As far as putting the book together went, I used Amazon CreateSpace. They were wonderful to work with. I was able to speak to real humans whenever I needed to. They helped with the back cover design, interior layout, and some light editing as well.

The original front cover was done by a family friend, Zach Handziak…so had help there. I only know enough about Photoshop to be dangerous. There will be a new cover when the book is re-released this fall.

NEAL:  After all the writing, rewriting, revising, editing, proofreading, etc., the real work begins—promotion.  Can you tell us some things you did to bring attention to your book?

JULIA: We don’t realize how lucky we are to have such wonderful local independent bookstores. My first reading was at Boswell on Downer, from there I went to Next Chapter in Mequon, and eventually to Books & Company in Oconomowoc. They all welcomed me with open arms, and have been great about championing this book. For my part I spread the word. I sent e-mail blasts, direct mail pieces and talked about it whenever I could. I wanted the local stores to benefit also.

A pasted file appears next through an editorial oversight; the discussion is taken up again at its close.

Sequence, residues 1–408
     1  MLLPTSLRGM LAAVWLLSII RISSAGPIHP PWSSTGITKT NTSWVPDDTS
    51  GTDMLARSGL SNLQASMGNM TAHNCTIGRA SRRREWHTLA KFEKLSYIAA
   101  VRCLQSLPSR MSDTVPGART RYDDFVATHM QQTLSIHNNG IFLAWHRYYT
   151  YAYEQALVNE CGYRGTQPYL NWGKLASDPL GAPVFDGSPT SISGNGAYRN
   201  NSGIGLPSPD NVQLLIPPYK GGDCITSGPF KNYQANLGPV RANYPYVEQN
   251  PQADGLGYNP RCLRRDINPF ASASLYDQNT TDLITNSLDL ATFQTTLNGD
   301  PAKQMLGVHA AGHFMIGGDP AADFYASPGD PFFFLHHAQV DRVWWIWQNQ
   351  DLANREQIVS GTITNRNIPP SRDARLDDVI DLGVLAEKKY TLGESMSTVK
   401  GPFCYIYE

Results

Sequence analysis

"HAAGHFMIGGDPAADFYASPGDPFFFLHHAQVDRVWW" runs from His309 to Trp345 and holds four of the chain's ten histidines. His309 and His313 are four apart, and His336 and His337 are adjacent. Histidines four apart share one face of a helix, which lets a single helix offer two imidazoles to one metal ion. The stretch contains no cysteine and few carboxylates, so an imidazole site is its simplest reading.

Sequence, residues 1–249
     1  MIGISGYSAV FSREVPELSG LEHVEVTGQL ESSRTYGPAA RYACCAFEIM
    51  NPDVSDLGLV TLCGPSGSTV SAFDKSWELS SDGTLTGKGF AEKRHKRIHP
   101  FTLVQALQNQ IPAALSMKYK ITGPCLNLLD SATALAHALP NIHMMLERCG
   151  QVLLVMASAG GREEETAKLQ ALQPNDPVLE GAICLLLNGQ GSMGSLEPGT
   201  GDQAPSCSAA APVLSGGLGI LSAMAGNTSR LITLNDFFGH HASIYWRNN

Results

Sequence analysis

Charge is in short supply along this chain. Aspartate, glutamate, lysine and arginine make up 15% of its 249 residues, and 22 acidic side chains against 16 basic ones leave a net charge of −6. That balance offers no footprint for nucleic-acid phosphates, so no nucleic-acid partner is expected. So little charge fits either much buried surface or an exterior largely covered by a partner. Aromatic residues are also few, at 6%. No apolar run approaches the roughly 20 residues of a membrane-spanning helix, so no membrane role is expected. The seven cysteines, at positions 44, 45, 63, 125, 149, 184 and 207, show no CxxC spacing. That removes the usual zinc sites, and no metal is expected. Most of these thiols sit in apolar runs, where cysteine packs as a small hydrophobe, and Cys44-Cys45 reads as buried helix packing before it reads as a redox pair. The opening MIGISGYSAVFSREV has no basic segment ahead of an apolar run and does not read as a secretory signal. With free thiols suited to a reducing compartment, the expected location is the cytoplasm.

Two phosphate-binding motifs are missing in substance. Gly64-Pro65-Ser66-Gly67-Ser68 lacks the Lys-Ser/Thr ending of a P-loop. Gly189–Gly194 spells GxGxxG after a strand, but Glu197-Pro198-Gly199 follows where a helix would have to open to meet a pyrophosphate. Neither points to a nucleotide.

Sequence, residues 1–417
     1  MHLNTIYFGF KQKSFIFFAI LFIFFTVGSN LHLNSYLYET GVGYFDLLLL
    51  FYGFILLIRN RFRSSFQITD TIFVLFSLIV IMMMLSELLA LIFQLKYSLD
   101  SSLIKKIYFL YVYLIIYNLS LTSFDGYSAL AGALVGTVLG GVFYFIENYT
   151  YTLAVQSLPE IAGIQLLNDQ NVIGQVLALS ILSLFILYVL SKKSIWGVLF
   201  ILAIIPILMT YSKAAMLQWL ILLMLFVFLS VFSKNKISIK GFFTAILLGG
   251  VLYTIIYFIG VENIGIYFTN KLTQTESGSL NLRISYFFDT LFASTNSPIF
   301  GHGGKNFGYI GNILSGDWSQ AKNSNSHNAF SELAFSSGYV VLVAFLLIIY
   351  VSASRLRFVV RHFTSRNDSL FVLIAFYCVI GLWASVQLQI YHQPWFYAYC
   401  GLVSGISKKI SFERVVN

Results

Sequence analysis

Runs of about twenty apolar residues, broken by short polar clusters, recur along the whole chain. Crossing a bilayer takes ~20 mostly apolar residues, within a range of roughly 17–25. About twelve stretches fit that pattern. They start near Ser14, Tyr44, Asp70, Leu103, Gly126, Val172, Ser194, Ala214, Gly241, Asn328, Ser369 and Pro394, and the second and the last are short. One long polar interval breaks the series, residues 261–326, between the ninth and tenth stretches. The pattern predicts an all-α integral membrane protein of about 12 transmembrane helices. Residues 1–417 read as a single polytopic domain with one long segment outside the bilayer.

Along the way, I peppered in readings at restaurants and/or bars, and I attended many book clubs. I also traveled to cities where I had a lot of friends and family (where I knew I could draw a decent crowd). Making sure the bookstore, or the restaurant or bar, made money too was important to me.

I also utilized social media (Facebook, Blog, Twitter) in a big way (well…not so big on Twitter). It’s free, it’s easy, and many people get information there.

NEAL:  Like Bigfoot, we hear rumors that they exist, but has anyone actually ever seen a literary agent?  Like a lot of new authors, you tried in the beginning to find an agent, but unsuccessfully.  In an interesting twist, however, an agent found you.  How did that happened?

JULIA: Ha! I’ve actually seen mine, though it took a while. I had a number of sales in mind that I wanted to reach before querying agents. I had not reached it yet, but I had been researching agents to query all along (secret: check the acknowledgements, the first person authors thank is their agent). So my list was ready, when the agent happened to reach out to me….